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Michigan's primary could be important this year

Jack Lessenberry

This has been an intense first week of the year in Michigan politics, with Governor Snyder signing deeply controversial bills,the Flint water crisis, and renewed concern over the impending financial collapse of the Detroit Public Schools.

For now, this has almost blotted out concern over the fast-approaching presidential primary season, after months in which it seemed like the news was all Trump, all the time. Well, think about it or not, Michigan’s presidential primary is exactly two months from today.

And there’s reason to believe the primary might be considerably more important this time than in the past. For one thing, both parties are using it to select their national convention delegates. That has only happened once in the last quarter century.

Instead, Republicans have mainly used a primary, and Democrats a variety of complicated caucus systems. Few voters took part, and fewer understood how they worked.

This had the additional bad feature of allowing Democrats to vote in the Republican primary, if they so chose. Republicans resented this.  

Michigan's primary results have often been embarrassing or bizarre.

Michigan’s primary results have often been embarrassing or bizarre. Michigan primary voters chose Henry Ford in the first-ever Michigan primary exactly a century ago, even though he wasn’t running for anything. Democrats were embarrassed badly in 1972, when George Wallace won their Michigan primary with a tremendous landslide in the biggest-ever turnout.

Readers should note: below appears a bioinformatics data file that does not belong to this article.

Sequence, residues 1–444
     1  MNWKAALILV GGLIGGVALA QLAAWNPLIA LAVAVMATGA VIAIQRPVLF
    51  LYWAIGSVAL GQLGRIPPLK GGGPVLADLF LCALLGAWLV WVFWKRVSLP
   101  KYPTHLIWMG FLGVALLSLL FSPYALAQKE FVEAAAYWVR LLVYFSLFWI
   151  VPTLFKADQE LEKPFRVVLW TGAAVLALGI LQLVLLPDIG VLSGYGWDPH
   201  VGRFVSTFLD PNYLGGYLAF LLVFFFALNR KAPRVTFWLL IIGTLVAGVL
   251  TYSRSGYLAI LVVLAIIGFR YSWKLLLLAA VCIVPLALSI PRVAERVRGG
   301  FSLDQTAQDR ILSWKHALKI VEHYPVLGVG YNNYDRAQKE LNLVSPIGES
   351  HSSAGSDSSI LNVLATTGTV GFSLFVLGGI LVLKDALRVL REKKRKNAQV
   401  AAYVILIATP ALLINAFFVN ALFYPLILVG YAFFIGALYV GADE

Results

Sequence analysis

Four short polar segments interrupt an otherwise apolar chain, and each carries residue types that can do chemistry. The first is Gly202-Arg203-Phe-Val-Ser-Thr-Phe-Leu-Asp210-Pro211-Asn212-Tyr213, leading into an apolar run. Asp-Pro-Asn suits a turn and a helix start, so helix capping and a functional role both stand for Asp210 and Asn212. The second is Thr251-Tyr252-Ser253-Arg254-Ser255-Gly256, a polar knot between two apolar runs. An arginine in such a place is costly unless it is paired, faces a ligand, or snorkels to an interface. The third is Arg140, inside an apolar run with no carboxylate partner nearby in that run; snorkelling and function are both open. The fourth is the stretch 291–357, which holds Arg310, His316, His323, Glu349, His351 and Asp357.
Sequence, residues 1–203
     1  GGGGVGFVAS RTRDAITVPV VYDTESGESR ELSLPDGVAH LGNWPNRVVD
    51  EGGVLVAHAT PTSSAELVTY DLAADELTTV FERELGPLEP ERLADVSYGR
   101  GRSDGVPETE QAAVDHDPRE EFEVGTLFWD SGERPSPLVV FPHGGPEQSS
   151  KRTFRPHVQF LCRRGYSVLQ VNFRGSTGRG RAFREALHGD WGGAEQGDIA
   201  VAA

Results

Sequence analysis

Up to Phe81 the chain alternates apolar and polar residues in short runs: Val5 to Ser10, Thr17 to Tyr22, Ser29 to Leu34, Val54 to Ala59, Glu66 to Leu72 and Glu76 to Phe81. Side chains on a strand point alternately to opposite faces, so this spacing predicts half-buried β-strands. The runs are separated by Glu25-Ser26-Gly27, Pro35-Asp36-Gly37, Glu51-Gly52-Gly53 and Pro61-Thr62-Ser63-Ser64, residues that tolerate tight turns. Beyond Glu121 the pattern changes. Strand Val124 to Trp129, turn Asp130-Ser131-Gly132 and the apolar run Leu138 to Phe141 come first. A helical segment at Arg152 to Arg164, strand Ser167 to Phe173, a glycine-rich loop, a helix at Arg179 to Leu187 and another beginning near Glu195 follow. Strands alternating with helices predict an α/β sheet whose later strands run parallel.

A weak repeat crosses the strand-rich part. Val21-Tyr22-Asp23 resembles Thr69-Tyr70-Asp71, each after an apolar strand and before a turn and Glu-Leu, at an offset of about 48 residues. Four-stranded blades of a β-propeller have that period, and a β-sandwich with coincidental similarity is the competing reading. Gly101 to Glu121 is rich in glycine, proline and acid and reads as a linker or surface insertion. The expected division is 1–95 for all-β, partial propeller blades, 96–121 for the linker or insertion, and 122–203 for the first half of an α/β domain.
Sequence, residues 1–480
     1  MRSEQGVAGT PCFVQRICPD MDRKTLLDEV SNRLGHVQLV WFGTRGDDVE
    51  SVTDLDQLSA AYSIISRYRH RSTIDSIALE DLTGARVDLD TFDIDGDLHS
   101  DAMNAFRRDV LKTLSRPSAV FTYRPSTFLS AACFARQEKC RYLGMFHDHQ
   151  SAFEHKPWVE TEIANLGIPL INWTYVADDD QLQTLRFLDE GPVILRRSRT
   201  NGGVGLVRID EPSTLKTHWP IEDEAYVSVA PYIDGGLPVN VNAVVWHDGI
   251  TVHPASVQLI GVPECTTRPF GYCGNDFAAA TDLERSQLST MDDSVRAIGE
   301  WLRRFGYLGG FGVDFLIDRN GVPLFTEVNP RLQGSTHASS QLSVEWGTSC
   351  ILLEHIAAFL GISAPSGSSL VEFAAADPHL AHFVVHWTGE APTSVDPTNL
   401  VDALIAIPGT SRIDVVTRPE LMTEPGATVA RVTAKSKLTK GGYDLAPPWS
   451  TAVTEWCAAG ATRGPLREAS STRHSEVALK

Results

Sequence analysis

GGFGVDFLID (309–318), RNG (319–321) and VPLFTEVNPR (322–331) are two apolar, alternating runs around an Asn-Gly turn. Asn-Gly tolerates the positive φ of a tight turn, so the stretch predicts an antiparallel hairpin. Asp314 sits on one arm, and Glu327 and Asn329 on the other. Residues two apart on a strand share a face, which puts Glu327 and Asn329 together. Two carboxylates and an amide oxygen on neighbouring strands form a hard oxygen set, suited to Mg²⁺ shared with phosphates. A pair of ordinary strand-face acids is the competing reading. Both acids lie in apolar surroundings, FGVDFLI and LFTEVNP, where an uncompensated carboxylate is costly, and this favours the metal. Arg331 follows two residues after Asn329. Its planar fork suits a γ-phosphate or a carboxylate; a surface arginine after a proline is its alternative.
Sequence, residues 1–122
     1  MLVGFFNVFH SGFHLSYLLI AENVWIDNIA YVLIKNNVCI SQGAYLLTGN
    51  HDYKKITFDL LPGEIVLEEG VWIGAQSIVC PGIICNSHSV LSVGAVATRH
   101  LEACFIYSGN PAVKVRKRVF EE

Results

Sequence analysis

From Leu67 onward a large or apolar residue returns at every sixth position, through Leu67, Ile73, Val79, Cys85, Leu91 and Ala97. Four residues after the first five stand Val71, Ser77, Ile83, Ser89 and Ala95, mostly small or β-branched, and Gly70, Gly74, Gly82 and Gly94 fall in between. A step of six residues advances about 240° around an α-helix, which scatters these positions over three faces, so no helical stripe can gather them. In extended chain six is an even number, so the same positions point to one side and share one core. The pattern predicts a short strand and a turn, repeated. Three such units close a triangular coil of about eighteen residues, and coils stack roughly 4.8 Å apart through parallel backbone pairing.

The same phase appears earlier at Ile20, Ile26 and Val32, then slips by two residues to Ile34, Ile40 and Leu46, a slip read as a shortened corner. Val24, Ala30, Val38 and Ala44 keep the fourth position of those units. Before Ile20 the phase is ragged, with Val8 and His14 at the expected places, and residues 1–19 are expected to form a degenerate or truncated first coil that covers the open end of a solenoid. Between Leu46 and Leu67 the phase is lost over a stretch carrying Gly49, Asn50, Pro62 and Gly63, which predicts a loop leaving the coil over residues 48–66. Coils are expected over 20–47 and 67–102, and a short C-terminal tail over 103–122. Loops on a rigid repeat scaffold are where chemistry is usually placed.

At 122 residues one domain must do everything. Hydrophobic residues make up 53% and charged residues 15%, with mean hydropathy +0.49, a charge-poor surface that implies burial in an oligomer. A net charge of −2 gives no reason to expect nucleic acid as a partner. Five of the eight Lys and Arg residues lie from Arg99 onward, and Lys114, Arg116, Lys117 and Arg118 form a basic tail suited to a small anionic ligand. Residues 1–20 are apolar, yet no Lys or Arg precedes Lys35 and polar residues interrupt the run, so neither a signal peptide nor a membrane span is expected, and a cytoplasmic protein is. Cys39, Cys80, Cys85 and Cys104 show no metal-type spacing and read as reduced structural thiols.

Eight years ago, the state violated both parties’ rules by scheduling a January primary, partly because then-Governor Granholm thought this would give her an “in” (and maybe a job) with Hillary Clinton, who she was convinced would be the nominee.

She was wrong. Even though John McCain was going on to win the nomination that year, Michigan Republican voters chose a candidate who dropped out of the race in a few weeks. As for Democrats, they manged to leave one name off the primary ballot: Barack Obama.

As for Democrats, they managed to leave one name off the primary ballot: Barack Obama.

The state should do better this year. Though we vote after the traditionally early states like New Hampshire, our primary comes before most other big states like Ohio, Illinois, New York and California vote. 

Every conceivable candidate’s name will be on our ballot, including one “Rocky” De La Fuente, a California car dealer, who became the first presidential primary candidate ever to get on by collecting signatures. The one safe prediction is that some of the dozen GOP candidates on their side of the ballot will have dropped out before we vote. Actually, at least two already have – Lindsay Graham and George Pataki. Once voting starts in other early states, candidates who fail to score will quickly see their donations dry up.

Nobody wants to give money to a loser, and that will effectively end their campaigns. Michigan has actually been decisive in choosing a nominee a couple of times.

President Gerald Ford was in grave danger of losing renomination to Ronald Reagan forty years ago, but scored a huge victory in his home state that started his comeback. In 1992, both President Bush the first and Bill Clinton helped cement their nominations with big victories here.

Well, maybe we’ll do it again this time. And you may as well plan on voting. You are, after all, paying for it; the primary costs the taxpayers ten million dollars.

May the best candidates for Michigan win.

Jack Lessenberry is Michigan Radio's political analyst. Views expressed in his essays are his own and do not necessarily reflect those of Michigan Radio, its management or the station licensee, The University of Michigan.

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